But some were permitted to discuss recent incidents, including Senior Master Sergeant Elissa, an American on the multinational crew.

"When we watch Ukrainian fighters taking off, protecting their airspace and going after Russian fighters," said the surveillance operator in front of an illuminated screen littered with hundreds of symbols tracking Russian positions on the ground and air, "they're fighting back and taking control of the country they love."

The back of a woman's head is seen as she wears headphones and watches a radar screen aboard an AWACS aircraft.
The AWACS operates specifically to monitor aircraft in a war zone, but has powerful surveillance tools allowing it to see in great detail more than 400 km away. They can track drones, tanks and much more — providing real-time information and a broader sense of what Russia is planning over time. (David Common/CBC)

Intelligence sharing just part of West's role

Russia has loudly criticized the transfer of weapons and intelligence to Ukraine, and has threatened to respond. One crew member on board the AWACS said occasionally Russian warplanes have flown directly toward it at high speed – while maintaining a wide distance.

"It is definitely a different situation," said Major Wayne, the aircraft's commander.

He has worked adjacent to war zones in the past with the U.S. Air Force, including the Middle East where "they didn't have a capable air force threat that we were concerned about, whereas here there is a much greater threat."

A man in a military uniform stands in front of the cockpit of an AWACS aircraft.
All those aboard are cautious about what they disclose. ‘Foreign intelligence agencies can take things that we say, things that are reported, as puzzle pieces,’ says Major Wayne, the aircraft commander on this NATO flight. (David Common/CBC)

The NATO plane has limited defensive capabilities, but does occasionally fly with fighter jet escorts. There are no publicly known incidents when Russian aircraft have crossed into NATO airspace to harass the AWACS plane during the Ukraine war.

On Thursday, Britain's defence minister said a Russian fighter jet had released a missile near an unarmed British spy plane similar to NATO's aircraft as it patrolled in international airspace over the Black Sea on Sept. 29. Defence Minister Ben Wallace told Parliament it was an apparent accident and not a deliberate escalation of tensions, noting that the Russians had investigated and blamed a technical malfunction.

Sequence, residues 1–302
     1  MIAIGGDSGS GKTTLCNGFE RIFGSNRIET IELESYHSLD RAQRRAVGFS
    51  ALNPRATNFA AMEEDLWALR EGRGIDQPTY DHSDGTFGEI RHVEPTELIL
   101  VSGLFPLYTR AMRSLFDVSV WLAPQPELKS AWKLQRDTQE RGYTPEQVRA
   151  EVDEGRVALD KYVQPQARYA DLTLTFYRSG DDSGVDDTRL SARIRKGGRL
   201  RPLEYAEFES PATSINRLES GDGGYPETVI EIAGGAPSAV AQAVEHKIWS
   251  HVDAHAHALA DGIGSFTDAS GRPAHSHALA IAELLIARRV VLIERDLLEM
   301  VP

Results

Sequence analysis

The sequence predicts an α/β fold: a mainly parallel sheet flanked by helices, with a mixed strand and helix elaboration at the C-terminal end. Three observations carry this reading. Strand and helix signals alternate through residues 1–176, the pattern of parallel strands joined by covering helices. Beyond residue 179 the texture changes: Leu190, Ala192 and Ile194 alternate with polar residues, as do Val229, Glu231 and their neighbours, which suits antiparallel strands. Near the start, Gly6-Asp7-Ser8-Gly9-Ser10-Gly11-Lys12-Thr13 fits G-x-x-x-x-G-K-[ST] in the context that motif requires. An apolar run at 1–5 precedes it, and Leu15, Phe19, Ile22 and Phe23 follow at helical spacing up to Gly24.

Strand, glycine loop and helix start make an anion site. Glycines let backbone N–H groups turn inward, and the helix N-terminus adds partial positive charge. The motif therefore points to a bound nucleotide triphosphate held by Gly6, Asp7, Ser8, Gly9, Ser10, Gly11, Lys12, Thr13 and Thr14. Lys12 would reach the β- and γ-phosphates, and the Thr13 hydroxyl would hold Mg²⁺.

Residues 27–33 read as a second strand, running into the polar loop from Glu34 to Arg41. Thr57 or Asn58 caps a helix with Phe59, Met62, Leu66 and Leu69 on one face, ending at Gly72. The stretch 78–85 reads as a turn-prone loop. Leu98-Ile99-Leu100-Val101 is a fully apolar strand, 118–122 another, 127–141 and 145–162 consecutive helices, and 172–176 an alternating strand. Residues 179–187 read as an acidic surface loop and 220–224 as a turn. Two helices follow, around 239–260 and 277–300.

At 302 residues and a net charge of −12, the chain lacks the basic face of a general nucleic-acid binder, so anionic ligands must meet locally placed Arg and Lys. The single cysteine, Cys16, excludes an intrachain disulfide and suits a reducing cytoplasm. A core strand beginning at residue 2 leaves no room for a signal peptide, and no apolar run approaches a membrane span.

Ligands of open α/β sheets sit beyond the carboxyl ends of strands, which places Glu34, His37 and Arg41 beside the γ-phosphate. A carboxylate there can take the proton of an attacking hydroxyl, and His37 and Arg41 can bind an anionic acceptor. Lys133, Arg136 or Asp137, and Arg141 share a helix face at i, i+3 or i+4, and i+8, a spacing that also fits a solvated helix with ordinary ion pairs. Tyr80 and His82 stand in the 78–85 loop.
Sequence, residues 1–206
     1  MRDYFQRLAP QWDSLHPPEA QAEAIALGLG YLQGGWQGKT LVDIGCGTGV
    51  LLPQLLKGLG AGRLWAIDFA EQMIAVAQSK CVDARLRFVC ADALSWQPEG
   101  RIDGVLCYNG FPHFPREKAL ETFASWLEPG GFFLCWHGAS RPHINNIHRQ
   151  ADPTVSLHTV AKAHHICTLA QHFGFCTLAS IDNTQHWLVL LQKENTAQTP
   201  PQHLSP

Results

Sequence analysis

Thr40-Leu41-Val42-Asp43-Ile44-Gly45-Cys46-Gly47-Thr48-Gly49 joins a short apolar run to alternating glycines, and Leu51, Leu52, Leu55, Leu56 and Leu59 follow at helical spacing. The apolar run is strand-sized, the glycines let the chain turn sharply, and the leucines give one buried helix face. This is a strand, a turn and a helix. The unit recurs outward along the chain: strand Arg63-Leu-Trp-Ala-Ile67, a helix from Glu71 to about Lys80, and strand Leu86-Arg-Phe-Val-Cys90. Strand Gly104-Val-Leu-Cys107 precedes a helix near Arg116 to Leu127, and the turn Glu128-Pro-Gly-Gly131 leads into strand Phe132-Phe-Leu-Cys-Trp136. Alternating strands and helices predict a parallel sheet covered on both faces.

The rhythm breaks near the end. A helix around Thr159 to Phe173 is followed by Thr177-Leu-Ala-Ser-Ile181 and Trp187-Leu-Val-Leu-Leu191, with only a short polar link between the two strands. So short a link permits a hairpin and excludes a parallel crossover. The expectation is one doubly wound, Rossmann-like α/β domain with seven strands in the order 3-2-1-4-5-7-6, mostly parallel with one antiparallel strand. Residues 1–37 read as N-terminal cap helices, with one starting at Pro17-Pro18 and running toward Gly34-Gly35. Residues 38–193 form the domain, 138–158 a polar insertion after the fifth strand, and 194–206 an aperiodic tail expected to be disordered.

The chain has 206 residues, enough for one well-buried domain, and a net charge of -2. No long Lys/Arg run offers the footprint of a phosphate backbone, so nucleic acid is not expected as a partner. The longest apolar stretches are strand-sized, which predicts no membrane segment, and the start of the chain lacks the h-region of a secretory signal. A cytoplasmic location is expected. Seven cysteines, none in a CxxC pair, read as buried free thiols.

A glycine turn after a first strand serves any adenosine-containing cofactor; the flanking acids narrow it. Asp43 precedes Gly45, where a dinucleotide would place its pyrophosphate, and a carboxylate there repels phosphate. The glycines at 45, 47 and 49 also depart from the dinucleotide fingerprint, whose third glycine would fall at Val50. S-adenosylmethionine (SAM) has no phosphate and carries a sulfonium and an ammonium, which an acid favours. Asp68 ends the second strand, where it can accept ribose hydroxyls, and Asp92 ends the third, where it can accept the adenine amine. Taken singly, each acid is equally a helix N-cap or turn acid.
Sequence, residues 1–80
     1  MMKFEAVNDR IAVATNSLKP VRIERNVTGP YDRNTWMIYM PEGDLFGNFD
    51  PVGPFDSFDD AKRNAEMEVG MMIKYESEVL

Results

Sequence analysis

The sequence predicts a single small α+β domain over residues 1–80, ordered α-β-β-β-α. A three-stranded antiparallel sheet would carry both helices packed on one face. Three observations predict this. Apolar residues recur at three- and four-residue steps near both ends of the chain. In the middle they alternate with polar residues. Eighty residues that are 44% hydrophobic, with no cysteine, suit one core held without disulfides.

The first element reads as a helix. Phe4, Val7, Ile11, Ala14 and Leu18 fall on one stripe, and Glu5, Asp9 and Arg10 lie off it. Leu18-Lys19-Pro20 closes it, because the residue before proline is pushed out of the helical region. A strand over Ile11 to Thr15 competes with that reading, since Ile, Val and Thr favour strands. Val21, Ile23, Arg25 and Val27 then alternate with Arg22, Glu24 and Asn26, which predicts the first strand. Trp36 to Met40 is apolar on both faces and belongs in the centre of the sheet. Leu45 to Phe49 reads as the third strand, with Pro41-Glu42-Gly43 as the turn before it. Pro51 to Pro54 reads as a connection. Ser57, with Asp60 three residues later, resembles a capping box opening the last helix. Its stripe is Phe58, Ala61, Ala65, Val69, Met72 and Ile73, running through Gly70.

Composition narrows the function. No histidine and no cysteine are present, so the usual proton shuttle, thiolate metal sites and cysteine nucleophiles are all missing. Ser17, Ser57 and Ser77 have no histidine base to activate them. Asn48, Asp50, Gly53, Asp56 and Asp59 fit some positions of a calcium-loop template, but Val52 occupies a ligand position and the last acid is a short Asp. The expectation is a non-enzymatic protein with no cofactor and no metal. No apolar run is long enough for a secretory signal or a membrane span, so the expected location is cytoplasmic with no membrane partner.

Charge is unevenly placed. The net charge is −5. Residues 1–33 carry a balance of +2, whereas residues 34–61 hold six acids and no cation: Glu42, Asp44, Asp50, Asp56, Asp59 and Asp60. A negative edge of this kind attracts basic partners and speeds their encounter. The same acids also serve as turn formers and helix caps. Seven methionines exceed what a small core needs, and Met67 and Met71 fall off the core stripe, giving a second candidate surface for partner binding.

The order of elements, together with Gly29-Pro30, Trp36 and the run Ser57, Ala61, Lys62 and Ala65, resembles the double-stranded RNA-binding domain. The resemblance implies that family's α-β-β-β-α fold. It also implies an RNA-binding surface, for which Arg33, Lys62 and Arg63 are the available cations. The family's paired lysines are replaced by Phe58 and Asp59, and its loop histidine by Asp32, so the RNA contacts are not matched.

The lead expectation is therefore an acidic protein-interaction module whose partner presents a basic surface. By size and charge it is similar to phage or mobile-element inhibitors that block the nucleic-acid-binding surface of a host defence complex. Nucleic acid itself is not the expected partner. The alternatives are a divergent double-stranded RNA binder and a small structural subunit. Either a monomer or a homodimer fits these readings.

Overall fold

Rasiulis pointed out that the Russians now view the war as a de facto war between NATO and Russia, harkening back to the darkest days of the Cold War.

"The key was always, and remains so today, to avoid direct combat between the U.S./NATO and Russia."

The AWACS often stays airborne for 12 or more hours, refuelled in flight by a U.S. Air Force tanker. Combined with similar surveillance aircraft operated by multinational crews in the United States, France and others, they maintain a near round-the-clock picture of the Ukrainian battlefield.

And not just on land.

​"AWACS can also track ships in the Black Sea, giving Ukraine both warning and targeting information," noted Dorn. "The maritime tracking can also help implement Western sanctions on Russian products."

After years of exercises, one crew member on board the plane who couldn't be named because of constraints by his home nation described, "feeling that we are making a difference against the enemy."

WATCH | Andrew Rasiulis explains NATO's efforts to support Ukraine: 

NATO will continue assisting Ukraine as war stretches into winter

1 year ago
Duration 6:08
Retired defence official Andrew Rasiulis explains Putin's recent actions and NATO's continuous efforts to support Ukraine as the war stretches into a winter campaign.

Maintaining a near-constant watch of war

The lone Canadian on the AWACS aircraft is Capt. Colin Wiley. He received permission to give his full name for this story.

As the surveillance controller, all detections are routed to him for confirmation and immediate transmission to ground-based operations centres.

Wiley has watched many times on his screen as a Russian aircraft, "goes down low-level, pops back up," in what was most likely a bombing run. 

A man in a military uniform with a Canadian flag patch on his right shoulder wears headphones and watches a radar screen on an AWACS aircraft.
Capt. Colin Wiley of the Royal Canadian Air Force is posted to the NATO AWACS base in Geilenkirchen, Germany, for at least three years. He is airborne as the surveillance controller at least once a week, watching over vast areas of Ukraine and the movements of Russian military equipment and troops. (David Common/CBC)

It's a surreal task, he says. 

"I wake up in the morning in my bed, fly orbits over here on the eastern flank, and then I go back home and sleep in my bed at night, and it makes me think about those who can't leave [the war]."

Even as the AWACS turns back to its base in Geilenkirchen, Germany, after a mission that began before sunrise and ends after sunset, another NATO surveillance plane is already airborne, maintaining a near-constant watch of Ukraine's skies and much more. 


David Common covers a wide range of stories for CBC News, from war to disrupting scams. He is a host with the investigative consumer affairs program Marketplace, and a correspondent with The National. David has travelled to more than 85 countries for his work, has lived in cities across Canada, and been based as a foreign correspondent in the U.S. and Europe. He has won a number of awards, but a big career highlight remains an interview with Elmo. You can reach David at, Twitter: @davidcommon.